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The Remote City

  • General Information

    Other Name: -, District: Dunedin, State: Otago, New Zealand
    Area: 0 -
    Languages Spoken: English and Maori
    Long Distance Code: 03
    Importance: Dunedin has flourishing niche industries including engineering, software engineering, bio-technology and fashion.
    Best Time to Visit: December to February and September
    International Access: Connecte to rest of the world by air.
  • Description

    Dunedin is the second-largest city in the South Island of New Zealand, and the principal city of the region of Otago. It is New Zealand''s fifth largest city in population, the largest in size of council boundary area, and the hub of the sixth-largest urban area. For historical and cultural reasons and its location, Dunedin is considered one of the country''s four main centres, although Hamilton has overtaken it in urban-area population and Tauranga has a slightly larger urban-area population.
  • Location

    The Dunedin City Council boundaries since 1989 have extended to Middlemarch in the west, Waikouaiti in the north, the Pacific Ocean in the east and south-east, and the Waipori/Taieri River and the township of Henley in the south-west.
  • Climate

    The climate of Dunedin in general is temperate, however the city is recognised as having a large number of microclimates and the weather conditions often vary between suburbs mostly due to the city''s topographical layout.[citation needed] It is also greatly modified by its proximity to the ocean. This leads to warm summers and cool winters. Winter can be frosty, but significant snowfall is uncommon (perhaps every two or three years), except in the inland hill suburbs such as Halfway Bush and Wakari, which tend to receive a few days of snowfall each year. Spring can feature "four seasons in a day" weather, but from November to April it is generally settled and mild. Temperatures during summer can top 30 °C (86 °F), but temperatures in the high 30s are rare.
Cnr Rattray & Cumberland Street
New Zealand
Listing Details

Open Daily: 10am – 5pm, Evening Viewing: Wednesday 7pm – 9pm Guided Tours: 10am and 2pm (or by appointment)

The Dunedin Public Art Gallery is one of New Zealand''s four major metropolitan art galleries. Established in 1884, the Gallery is renowned today for the richness of its collection, its close working relationship with major New Zealand artists, its Visiting Artist programme and the quality of its exhibition and publishing programmes. The Dunedin Public Art Gallery houses a fine collection of European art, including paintings by Monet, Gainsborough, Turner, Rosa, Lorrain, Burne-Jones and Tissot. The collection also features New Zealand art from 1860 to the present and significant holdings of Japanese prints and the decorative arts.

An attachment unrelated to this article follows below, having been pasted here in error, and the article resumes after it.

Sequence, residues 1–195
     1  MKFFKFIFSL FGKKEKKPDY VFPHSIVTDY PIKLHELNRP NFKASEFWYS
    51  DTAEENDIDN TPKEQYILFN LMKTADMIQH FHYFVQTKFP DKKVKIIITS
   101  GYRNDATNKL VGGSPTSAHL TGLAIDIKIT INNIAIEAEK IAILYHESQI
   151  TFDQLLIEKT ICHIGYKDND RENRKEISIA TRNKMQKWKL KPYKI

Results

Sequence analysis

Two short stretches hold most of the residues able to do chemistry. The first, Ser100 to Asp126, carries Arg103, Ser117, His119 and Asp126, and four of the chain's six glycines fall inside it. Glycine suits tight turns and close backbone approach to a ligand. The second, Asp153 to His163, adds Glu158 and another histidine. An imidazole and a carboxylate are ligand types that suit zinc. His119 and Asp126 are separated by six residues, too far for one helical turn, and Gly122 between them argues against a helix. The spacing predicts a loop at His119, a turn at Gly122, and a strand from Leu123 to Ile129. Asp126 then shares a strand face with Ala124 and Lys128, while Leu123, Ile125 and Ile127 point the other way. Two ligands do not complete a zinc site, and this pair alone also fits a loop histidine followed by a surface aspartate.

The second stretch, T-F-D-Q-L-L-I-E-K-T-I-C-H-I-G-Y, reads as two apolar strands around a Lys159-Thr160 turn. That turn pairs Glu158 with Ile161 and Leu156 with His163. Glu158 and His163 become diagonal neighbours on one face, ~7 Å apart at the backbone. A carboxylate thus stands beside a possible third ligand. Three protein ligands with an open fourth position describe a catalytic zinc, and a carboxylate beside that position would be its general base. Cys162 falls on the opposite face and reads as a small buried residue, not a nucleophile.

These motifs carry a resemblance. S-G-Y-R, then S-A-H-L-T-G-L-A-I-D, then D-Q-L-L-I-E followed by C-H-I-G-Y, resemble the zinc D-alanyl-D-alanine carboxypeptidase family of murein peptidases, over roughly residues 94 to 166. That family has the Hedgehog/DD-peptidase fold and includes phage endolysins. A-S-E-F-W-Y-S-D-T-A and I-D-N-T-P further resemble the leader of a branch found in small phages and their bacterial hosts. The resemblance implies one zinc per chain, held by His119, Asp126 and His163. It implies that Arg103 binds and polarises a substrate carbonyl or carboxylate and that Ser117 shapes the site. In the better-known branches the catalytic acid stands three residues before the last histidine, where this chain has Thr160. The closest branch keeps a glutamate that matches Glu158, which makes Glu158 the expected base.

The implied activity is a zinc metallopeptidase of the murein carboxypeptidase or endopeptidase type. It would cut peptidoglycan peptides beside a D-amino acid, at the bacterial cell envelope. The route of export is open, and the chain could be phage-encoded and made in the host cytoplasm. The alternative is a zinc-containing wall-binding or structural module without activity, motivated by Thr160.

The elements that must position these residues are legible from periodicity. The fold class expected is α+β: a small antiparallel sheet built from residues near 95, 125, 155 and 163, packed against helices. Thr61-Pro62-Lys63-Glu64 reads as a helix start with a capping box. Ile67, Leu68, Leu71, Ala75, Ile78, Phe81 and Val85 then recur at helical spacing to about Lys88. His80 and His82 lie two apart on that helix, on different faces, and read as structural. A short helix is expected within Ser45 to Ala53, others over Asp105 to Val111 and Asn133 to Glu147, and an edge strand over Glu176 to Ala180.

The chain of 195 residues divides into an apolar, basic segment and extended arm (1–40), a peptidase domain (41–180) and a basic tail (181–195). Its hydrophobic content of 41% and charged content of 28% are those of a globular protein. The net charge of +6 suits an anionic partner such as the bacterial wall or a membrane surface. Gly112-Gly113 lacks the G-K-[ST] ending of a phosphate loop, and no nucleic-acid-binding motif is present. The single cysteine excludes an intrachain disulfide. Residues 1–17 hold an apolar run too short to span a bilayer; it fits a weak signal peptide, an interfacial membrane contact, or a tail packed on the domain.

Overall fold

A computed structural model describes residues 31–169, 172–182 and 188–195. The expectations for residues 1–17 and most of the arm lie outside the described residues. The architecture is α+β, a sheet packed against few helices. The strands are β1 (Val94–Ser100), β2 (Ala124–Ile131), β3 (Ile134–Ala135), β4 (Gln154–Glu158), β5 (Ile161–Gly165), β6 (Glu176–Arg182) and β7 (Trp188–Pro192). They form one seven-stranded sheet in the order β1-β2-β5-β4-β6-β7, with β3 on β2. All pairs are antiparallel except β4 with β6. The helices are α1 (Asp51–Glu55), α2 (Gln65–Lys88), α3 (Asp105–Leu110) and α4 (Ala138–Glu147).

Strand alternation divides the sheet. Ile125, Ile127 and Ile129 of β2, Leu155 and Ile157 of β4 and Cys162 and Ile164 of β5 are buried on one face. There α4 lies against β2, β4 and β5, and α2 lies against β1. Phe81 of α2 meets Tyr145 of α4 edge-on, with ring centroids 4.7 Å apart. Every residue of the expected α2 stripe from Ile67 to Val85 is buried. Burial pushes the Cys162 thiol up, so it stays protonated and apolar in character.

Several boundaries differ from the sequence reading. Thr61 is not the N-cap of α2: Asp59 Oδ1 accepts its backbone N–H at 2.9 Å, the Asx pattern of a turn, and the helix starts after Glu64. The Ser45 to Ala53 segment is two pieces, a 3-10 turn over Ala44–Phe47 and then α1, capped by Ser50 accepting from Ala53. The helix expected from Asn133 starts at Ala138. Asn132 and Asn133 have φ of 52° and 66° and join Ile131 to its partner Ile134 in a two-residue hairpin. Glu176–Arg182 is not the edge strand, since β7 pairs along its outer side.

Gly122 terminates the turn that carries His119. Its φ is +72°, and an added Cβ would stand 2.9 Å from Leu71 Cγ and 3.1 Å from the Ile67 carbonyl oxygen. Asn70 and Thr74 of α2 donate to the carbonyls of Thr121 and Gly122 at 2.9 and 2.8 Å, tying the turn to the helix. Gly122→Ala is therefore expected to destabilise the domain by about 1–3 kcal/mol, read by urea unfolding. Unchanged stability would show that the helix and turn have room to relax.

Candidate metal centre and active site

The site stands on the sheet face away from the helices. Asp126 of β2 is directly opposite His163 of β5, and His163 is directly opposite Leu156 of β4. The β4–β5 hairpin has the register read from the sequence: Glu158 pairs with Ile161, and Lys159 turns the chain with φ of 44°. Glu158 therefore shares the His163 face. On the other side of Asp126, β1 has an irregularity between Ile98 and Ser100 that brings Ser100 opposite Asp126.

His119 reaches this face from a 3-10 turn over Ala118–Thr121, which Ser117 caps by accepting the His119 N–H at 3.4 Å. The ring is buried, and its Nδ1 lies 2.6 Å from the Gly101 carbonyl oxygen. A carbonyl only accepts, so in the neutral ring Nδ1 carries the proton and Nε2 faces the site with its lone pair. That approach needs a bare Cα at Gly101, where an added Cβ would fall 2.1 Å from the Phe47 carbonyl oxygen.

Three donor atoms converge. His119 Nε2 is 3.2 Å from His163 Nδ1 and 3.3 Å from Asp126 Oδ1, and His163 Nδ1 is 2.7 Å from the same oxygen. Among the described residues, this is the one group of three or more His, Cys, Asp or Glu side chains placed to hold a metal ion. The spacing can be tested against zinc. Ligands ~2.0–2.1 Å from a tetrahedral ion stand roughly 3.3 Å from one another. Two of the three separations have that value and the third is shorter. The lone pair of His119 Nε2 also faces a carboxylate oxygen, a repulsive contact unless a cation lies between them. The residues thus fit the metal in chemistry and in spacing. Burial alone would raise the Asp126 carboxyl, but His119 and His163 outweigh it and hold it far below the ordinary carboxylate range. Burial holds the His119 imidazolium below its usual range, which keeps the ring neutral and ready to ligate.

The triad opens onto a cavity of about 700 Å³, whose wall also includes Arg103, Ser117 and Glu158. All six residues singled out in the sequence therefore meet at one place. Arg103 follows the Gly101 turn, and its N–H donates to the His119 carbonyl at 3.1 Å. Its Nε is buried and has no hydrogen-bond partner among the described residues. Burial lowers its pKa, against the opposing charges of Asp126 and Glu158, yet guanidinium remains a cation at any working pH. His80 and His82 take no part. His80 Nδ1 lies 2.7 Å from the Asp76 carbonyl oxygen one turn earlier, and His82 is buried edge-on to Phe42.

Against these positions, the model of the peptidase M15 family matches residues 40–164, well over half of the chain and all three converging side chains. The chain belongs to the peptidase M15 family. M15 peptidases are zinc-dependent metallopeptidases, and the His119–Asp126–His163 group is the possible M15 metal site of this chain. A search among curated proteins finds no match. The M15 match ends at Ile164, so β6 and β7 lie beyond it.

The gallery is located right in the heart of Dunedin. It is within easy walking distance from a large number of hotels and on all major public transport routes.
There are disabled facilities and entrances, a well-stocked gallery shop, the award-winning Nova Cafe, cloakrooms and a baby change area.

New Zealand''s only castle, built in 1871 by William Larnach, a merchant baron and politician. Features magnificent architecture, superb craftsmanship, a unique collection of NZ antiques, tragic and scandalous history and panoramic tower views. 35 acres of stunning gardens with Southern Hemisphere plantings. Larnach Lodge boutique accommodation in castle grounds - 12 beautiful themed rooms with views and fine dining. 20 minutes from Dunedin.

The Otago Settlers Museum was established in 1898 and continues to flourish as one of New Zealand''s most significant social history museums. Orginally created to tell the story of the early British settlers to this region, the Otago Settlers Museum now celebrates all the peoples of Otago including indigenous Maori, the Chinese who came initially to work the goldfields in the 19th century, and successive waves of migrant groups, including those from Lebanon, Poland, Holland, the Pacific Islands and many parts of Asia.
Extensive collections of portraits, documents, nineteenth century artworks, costume, domestic technology, transport and more are used to paint a lively picture of city and provincial life through the ages and into the present day. In addition to its long-term displays the Museum presents a varied programme of changing exhibitions. We also offer unique opportunities to explore Dunedin city and the Otago region through a variety of walking and bus tours.
The Museum buildings are themselves worth a visit, both the original Edwardian galleries and the classic Art Deco building in Dunedin''s former NZR Road Transport Building. The Museum foyer, which links the two, features the Museum Shop and a New Zealand Film Archive site. There is disabled access to all areas, with a wheelchair available on request.
The Yellow-eyed Penguin is one of the rarest and most endangered penguins in the world. Penguin Place is a private conservation reserve dedicated to helping this unique and beautiful penguin. As part of a tour, visitors are given the opportunity to experience the penguin in its natural habitat. The conservation work done at Penguin Place is helping to ensure the future of the Yellow-eyed Penguin. We are proud to offer an intimate NZ wildlife experience.